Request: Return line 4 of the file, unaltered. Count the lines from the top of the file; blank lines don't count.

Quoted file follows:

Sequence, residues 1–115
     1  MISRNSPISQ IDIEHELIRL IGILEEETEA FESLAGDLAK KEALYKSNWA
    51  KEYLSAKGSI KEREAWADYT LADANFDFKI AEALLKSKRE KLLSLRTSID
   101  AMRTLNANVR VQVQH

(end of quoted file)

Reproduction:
   101  AMRTLNANVR VQVQH